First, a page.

For a moment, let us keep aside the issue of Sri Lanka and see the track record of the Council. What has it done to the people of Afghanistan and Iraq where millions of children are now suffering in hunger, malnutrition and have caught up with different diseases due to chemical warfare launched by the United States and its allies? Even when human rights organisations have boldly spoken against the international aggression, the UN Human Rights bodies just played second fiddle to these aggressions. Similarly, Bangladesh is witnessing some of the biggest protest against the atrocities committed on its people by the Razakars and the agents of the Pakistan army in 1971. Both the countries have strained relationship as Bangladesh always wanted Pakistan to apologize for the mass atrocities unleashed by Pakistan army.

If the Tamils in India feel that there is no future of Tamils in Sri Lanka and it need separation then perhaps there could not be any answer to that at least at the government level. No government would be able to support such motions as each country in South Asia has a tainted record, must worst then Sri Lankan government. The only thing that Srilankan atrocities on Tamils have proved that when the state become highly religious and use religion then even a religion like Buddhism become a tool for spreading state propaganda and not a mean for spreading love and peace. Therefore, Sri Lanka can remain peaceful if it has fair representation for Tamils, Dalits, Muslims and Christians living there and ensure that constitutionally the state remain a secular state. It is also important for the Sri Lankan government to conduct an impartial inquiry and punish those responsible for this ghastly act of killing an innocent child at the point blank range.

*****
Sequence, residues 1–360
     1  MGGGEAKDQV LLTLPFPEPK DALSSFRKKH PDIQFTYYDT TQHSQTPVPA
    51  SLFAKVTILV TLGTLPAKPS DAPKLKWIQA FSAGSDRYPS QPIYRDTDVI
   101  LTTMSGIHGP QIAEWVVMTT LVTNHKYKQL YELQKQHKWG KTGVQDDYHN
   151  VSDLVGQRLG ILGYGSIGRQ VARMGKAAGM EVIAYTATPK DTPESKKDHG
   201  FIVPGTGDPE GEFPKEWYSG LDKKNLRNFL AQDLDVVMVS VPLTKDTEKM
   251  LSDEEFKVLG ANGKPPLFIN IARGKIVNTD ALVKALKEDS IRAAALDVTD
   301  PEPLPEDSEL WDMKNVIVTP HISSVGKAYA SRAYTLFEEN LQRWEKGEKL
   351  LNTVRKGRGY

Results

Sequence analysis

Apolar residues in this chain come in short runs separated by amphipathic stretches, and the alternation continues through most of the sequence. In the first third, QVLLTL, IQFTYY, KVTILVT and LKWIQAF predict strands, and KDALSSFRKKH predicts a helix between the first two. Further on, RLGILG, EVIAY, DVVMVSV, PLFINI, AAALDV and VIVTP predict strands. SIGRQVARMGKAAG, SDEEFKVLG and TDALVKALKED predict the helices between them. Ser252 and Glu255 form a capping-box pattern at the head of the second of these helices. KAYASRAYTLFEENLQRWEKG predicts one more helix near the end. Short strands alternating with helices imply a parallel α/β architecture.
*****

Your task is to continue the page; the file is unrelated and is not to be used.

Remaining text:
Such heinous crimes should not go unpunished and let the government send a message of reconciliation that it believes in it and would go miles to bring the Tamils to the mainstream of that country. International pressures are great but if they become norms of the day in the hands of powerful countries who have violated human rights of all for years, then it would be difficult to find the truth and societies in our countries will never be able to reconcile much the benefit of those who wish to fish in troubled water.


Vidya Bhushan Rawat is a social and human rights activist. He blogs at